5 Historical Buildings In Tuscany That Will Take Your Breath Away
There are many reasons why people go on holiday. Some of us will just want to get away from it all and lounge be the pool at their Tuscan villa for a week, whilst others will want to cram as much into their break as possible. But for anyone who likes to take in the culture of their surroundings while they are away, there is no better place in the world than Tuscany to do this.
There is a heavy religious influence running all the way through the region and therefore there are also plenty of historical buildings to marvel at. So for those looking to get drenched in culture, here are some must see pieces of architecture. Warning; you may want to strengthen those neck muscles before you come away to prepare yourself for constantly looking up.
Cathedral of Santa Maria del Fiore
This 13th century church has become an iconic symbol of Florence with its dome-shaped roof, and is located in the UNESCO World Heritage Site in the centre of the city. The building took 140 years to finish and has a wonderfully minimal gothic interior, complete with a range of interesting frescos and sculptures. As well as the main dome, the complex also includes a baptistery and a tower known as Giotto’s Campanile.
Biblioteca Piccolomini –
As libraries go, this one is more than a little bit special. Situated in Siena’s Piazza del Duomo, this building really has some stunning architecture to show off. The inside is literally covered with murals and frescos in every colour you can imagine and the ceiling panels are adorned with people and things from ancient mythology. In the centre of the library there is a Roman copy of the famous Greek statue, Three Graces.
Cathedral of Saint Ranieri –
This beautiful cathedral is part of Pisa’s famous Piazza dei Miracoli which also houses the leaning tower of Pisa. You can buy a combo ticket that allows you to view all the historical buildings in the area, as there is much more on offer than just the iconic tower. Architectural experts will be able to point out the fact that it is a five-naved cathedral with a three-naved transept, but it doesn’t take much knowledge of construction to note its beauty. Building began in 1064 and sadly many of the renaissance works of art were damaged in a fire in 1595.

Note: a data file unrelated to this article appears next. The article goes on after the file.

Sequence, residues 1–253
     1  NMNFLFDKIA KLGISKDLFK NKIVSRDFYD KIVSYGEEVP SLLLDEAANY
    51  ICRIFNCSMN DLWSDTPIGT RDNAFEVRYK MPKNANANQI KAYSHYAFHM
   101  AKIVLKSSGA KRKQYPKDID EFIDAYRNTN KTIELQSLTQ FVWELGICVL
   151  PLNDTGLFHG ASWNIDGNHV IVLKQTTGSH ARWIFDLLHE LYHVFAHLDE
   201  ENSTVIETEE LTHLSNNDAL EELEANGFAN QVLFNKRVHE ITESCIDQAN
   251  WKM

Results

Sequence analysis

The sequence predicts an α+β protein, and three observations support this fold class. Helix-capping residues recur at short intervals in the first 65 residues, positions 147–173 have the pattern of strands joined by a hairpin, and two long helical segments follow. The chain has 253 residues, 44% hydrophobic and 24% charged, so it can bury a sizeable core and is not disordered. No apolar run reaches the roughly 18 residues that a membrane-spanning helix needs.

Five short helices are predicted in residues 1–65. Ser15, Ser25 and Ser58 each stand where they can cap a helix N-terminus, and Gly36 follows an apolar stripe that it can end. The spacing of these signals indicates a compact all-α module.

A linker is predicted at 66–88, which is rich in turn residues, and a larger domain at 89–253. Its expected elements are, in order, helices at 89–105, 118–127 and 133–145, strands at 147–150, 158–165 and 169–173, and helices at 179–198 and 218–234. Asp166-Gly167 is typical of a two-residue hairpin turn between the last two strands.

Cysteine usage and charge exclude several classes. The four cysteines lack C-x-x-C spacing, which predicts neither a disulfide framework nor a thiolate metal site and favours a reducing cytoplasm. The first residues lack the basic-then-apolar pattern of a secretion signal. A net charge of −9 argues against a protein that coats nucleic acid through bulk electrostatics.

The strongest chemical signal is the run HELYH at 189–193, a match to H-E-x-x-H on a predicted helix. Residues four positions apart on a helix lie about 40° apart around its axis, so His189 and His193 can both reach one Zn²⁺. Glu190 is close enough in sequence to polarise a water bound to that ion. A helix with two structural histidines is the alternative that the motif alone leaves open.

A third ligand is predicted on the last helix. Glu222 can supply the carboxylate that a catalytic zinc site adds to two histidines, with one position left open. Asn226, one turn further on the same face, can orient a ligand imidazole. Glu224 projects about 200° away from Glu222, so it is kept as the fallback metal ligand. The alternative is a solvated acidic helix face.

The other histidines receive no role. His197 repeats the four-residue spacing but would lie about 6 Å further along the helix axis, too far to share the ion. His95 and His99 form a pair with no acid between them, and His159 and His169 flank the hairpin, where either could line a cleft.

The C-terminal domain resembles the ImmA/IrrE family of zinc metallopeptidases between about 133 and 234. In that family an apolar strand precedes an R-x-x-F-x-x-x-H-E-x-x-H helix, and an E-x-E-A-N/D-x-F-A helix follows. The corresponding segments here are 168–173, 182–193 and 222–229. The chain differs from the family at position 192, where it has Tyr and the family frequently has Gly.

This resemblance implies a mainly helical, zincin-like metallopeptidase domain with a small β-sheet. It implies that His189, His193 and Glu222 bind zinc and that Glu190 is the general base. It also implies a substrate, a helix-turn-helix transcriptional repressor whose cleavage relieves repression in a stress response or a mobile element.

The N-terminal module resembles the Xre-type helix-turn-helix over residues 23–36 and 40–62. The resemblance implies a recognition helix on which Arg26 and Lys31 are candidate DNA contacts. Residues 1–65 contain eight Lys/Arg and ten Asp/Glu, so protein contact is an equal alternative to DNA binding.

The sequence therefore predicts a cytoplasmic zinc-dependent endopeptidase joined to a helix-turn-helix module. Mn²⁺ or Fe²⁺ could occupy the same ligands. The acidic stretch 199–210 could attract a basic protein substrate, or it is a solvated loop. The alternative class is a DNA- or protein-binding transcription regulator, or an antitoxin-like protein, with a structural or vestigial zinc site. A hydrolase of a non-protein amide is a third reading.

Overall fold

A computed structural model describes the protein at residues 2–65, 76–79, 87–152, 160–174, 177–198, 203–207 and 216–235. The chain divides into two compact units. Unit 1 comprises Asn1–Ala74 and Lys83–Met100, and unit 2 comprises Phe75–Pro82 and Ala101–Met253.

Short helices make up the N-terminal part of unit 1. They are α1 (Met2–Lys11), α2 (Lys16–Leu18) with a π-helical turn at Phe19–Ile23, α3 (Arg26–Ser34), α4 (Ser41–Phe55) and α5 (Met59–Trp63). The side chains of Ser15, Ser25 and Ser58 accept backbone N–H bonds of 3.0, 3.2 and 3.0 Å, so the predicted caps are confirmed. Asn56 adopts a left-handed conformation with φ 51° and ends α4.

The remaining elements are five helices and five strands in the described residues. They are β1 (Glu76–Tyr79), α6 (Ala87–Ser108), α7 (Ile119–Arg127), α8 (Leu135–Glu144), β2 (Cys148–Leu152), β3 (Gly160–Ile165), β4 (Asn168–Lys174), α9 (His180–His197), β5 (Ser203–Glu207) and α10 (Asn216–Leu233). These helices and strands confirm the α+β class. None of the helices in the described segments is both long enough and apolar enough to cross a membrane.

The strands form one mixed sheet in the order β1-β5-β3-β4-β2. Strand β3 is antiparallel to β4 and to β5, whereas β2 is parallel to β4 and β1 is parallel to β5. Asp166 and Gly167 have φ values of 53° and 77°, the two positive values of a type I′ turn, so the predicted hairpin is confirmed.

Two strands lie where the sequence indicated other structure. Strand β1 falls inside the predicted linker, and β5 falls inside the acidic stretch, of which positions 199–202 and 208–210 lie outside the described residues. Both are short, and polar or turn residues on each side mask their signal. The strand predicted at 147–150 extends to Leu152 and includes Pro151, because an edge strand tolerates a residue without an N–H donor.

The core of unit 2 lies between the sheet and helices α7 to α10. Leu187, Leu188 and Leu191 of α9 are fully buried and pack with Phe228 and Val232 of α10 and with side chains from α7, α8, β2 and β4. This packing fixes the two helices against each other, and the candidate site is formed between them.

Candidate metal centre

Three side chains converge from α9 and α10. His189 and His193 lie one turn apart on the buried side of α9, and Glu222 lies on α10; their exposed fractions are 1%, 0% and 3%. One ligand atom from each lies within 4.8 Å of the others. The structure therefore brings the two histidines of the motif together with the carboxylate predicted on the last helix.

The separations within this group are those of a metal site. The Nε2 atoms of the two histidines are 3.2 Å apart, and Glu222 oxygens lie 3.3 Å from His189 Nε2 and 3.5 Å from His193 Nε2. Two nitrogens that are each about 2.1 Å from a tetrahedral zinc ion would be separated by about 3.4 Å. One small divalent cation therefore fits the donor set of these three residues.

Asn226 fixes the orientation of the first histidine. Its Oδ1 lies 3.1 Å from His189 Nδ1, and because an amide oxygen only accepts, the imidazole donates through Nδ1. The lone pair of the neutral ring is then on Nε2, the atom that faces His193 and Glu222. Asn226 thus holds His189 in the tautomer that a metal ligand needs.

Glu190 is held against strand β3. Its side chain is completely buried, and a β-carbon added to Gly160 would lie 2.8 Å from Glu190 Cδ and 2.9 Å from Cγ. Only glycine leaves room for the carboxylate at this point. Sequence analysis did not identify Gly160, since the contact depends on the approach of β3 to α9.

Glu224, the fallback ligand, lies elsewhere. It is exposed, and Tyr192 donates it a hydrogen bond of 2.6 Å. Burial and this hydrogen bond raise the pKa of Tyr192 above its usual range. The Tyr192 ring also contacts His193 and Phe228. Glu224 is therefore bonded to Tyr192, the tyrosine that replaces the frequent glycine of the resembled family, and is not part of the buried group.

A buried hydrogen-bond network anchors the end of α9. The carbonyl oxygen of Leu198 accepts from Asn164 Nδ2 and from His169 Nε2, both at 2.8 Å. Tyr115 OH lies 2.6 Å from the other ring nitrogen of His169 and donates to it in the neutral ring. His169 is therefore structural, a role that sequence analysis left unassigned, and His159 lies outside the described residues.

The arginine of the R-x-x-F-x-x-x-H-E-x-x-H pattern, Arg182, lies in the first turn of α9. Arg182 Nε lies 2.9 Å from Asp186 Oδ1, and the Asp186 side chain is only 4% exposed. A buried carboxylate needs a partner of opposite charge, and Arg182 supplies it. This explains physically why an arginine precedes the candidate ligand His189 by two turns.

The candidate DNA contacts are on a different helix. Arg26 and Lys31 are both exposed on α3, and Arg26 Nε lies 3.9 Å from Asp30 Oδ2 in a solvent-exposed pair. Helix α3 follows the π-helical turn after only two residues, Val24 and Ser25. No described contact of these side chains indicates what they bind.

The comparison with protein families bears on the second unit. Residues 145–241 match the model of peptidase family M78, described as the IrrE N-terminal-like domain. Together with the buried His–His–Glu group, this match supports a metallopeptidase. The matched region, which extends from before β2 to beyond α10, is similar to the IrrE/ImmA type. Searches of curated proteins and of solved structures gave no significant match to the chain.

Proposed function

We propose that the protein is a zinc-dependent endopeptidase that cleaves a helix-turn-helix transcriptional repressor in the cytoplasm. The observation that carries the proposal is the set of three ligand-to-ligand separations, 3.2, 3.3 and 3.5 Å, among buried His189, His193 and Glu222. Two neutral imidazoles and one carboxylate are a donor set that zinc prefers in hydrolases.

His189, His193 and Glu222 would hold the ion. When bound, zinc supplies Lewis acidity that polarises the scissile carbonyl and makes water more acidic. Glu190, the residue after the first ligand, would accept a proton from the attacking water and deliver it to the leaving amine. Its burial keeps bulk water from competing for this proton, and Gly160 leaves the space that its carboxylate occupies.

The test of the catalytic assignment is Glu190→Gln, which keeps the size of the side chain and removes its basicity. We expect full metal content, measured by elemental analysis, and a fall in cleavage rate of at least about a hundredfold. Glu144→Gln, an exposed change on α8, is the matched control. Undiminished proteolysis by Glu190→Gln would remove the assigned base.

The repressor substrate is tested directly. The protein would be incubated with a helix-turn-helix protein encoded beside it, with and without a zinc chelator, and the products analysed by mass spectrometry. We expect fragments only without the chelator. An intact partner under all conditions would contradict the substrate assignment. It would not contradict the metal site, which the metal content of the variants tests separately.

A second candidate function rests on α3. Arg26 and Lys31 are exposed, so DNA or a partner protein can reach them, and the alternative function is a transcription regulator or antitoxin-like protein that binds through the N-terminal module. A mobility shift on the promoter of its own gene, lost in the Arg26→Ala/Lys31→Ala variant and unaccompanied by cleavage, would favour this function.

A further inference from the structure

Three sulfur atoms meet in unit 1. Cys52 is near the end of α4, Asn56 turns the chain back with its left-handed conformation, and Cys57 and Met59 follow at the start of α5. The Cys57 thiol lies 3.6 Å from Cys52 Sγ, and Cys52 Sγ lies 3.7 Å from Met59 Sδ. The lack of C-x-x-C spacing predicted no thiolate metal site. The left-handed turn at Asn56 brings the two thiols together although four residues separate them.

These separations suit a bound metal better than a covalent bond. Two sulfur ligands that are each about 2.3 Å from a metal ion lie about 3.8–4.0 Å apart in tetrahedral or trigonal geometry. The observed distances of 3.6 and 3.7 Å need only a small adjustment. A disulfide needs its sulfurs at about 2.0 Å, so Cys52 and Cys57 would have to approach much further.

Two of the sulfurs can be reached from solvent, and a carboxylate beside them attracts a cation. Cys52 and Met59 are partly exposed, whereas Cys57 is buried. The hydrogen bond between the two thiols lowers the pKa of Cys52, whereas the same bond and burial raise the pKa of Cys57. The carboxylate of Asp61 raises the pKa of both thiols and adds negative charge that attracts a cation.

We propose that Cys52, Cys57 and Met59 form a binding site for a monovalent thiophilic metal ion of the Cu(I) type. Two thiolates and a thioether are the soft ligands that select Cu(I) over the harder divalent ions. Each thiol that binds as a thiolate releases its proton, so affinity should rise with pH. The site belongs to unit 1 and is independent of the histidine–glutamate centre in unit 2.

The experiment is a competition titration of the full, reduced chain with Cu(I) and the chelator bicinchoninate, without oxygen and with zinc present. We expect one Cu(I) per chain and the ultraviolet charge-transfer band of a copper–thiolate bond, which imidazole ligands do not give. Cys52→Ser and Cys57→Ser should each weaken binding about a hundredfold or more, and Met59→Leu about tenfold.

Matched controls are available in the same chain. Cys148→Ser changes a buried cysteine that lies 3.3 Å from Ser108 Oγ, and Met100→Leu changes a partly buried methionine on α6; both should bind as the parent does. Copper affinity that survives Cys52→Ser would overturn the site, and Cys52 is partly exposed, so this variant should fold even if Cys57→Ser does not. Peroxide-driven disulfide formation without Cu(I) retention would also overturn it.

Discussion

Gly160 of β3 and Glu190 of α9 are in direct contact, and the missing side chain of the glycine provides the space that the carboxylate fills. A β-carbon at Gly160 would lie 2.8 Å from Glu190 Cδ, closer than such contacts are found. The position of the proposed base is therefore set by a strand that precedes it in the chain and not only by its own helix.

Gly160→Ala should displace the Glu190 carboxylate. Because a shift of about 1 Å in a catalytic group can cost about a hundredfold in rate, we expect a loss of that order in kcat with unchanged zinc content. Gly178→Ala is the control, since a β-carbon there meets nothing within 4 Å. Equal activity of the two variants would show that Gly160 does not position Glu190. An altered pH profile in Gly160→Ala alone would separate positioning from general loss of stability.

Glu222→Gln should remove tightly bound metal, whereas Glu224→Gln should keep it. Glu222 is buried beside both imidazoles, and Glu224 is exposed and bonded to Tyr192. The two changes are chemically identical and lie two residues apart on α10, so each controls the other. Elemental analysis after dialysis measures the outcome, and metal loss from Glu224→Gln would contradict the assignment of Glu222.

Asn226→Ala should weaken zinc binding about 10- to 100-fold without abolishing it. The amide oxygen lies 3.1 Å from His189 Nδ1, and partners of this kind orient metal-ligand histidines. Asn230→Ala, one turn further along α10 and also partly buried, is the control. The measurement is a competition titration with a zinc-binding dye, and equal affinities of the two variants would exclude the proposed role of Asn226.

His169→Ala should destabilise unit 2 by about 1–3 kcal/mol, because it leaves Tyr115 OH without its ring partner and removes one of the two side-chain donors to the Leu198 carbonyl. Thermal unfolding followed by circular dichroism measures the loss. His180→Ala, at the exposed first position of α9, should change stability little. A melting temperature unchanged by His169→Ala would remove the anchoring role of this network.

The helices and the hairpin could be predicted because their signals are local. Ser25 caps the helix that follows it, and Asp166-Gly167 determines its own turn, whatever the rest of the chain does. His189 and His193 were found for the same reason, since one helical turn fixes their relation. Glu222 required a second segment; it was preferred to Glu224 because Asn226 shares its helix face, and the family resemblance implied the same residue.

Chiesa di Sant’Agostino –
If you are not all churched out by this point; this beautiful offering in Montepulciano is definitely worth a visit. Not only is it a great tourist attraction, but it is also used on a daily basis by the locals. It is situated in the middle of this wonderful medieval town and will captivate you with its ornate exterior and quaint front steps.
Santuario di Montenero –
If you are looking for somewhere that’s a little bit quieter than most tourist areas and provides great views as well as historical architecture; the hills behind Livorno are the place to go. You can access this monastery via the funicular railway and the trip will definitely be worth it. The sanctuary itself is very peaceful and thought-provoking and there is a monastery on the complex that shouldn’t be missed either. Legend dictates that the Virgin Mary appeared on the hill and told a shepherd to build the church, however it was only a small shrine until it was expanded into a larger church in 1956.